A green data centre does not only help to save the environment but also provides organisations with cost savings. This was illustrated by The National Institute of Education (NIE) Singapore's green data centre that was built and started operating in 2012. The NIE Singapore is an Institute of Higher Learning in Singapore.
NIE Singapore's green data centre, which is also its primary data centre, supports the enterprise applications for administration, pedagogy, education, research and many other demands of its students, faculty, staff, partners, alumni and visitors to the Institute.
"With the growing demands for computing resources, more efforts and cost were needed to sustain the usability of the ageing data centre components," said Chan Wai Mun Alex, manager of Data Centre and Operations, Computer Services Centre (CSC) at NIE Singapore. "The existing data centre was thus replaced with a new one equipped with the latest technologies. This would help to fulfil the needs of the Institute for the next decade," added Chan.
Features of the green data centre
Besides being able to cope with the growing future needs of the Institute, the new data centre had to be energy efficient in order to provide cost savings for NIE Singapore. To do so, a hybrid data centre cooling system and a cold aisle containment system were implemented in its green data centre. The data centre also featured an easy-to-maintain cabling and lightings system that consume less power.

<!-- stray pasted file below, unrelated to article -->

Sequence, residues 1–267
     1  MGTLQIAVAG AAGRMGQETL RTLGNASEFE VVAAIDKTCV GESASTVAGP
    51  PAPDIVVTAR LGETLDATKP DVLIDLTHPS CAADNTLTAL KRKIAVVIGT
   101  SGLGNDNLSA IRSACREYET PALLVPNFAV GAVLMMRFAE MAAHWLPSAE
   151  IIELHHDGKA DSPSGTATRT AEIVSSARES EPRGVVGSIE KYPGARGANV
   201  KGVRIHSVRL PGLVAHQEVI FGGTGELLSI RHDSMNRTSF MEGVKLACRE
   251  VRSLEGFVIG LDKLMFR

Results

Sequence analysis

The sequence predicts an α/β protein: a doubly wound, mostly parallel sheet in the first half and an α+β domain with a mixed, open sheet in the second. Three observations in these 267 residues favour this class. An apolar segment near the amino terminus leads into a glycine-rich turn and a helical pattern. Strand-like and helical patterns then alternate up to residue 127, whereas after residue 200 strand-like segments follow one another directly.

Traditionally, the air-cooled Computer Room Air-Conditioning (CRAC) units are constantly turned on to cool the data centre. This setup requires almost an equivalent amount of energy to negate the heat generated by the IT load, which in turn, causes a traditional data centre to carry an average Power Usage Effectiveness (PUE) of above 2.0. Chan said that in order to achieve power savings and a lower PUE in its new data centre, NIE Singapore deploys a hybrid data centre cooling system that utilises the chilled water to supply cool air to the data centre most of the time. By doing so, savings are found in electrical charges and power consumption.
Instead of continual cooling of the entire data centre, NIE Singapore used the cold aisle containment (CAC) system to lower the temperature of specific areas, thereby helping to decrease power consumption. Chan explained that the IT racks must first be arranged with hot and cold aisles, where each front door of the IT rack is directly facing the front door of another IT rack, and likewise for the back door of the IT racks. He said: "This creates a hot aisle (back-to-back facing) and cold aisle (front-to-front facing). Hot air is then concentrated between two rows of back-facing IT racks. The cold air from the CRAC units is then delivered to the cold aisle from the raised floor, feeding the cold air to all the equipment within the IT racks. The CAC system is hence able to use a containment to effectively keep the cold air within the containment, ensuring that cold air is delivered to the front doors of the IT racks. To further optimise the cold air, all the open gaps within the IT racks are covered up with blanking panels. This prevents cold air from escaping through the gaps to the back of the IT racks."
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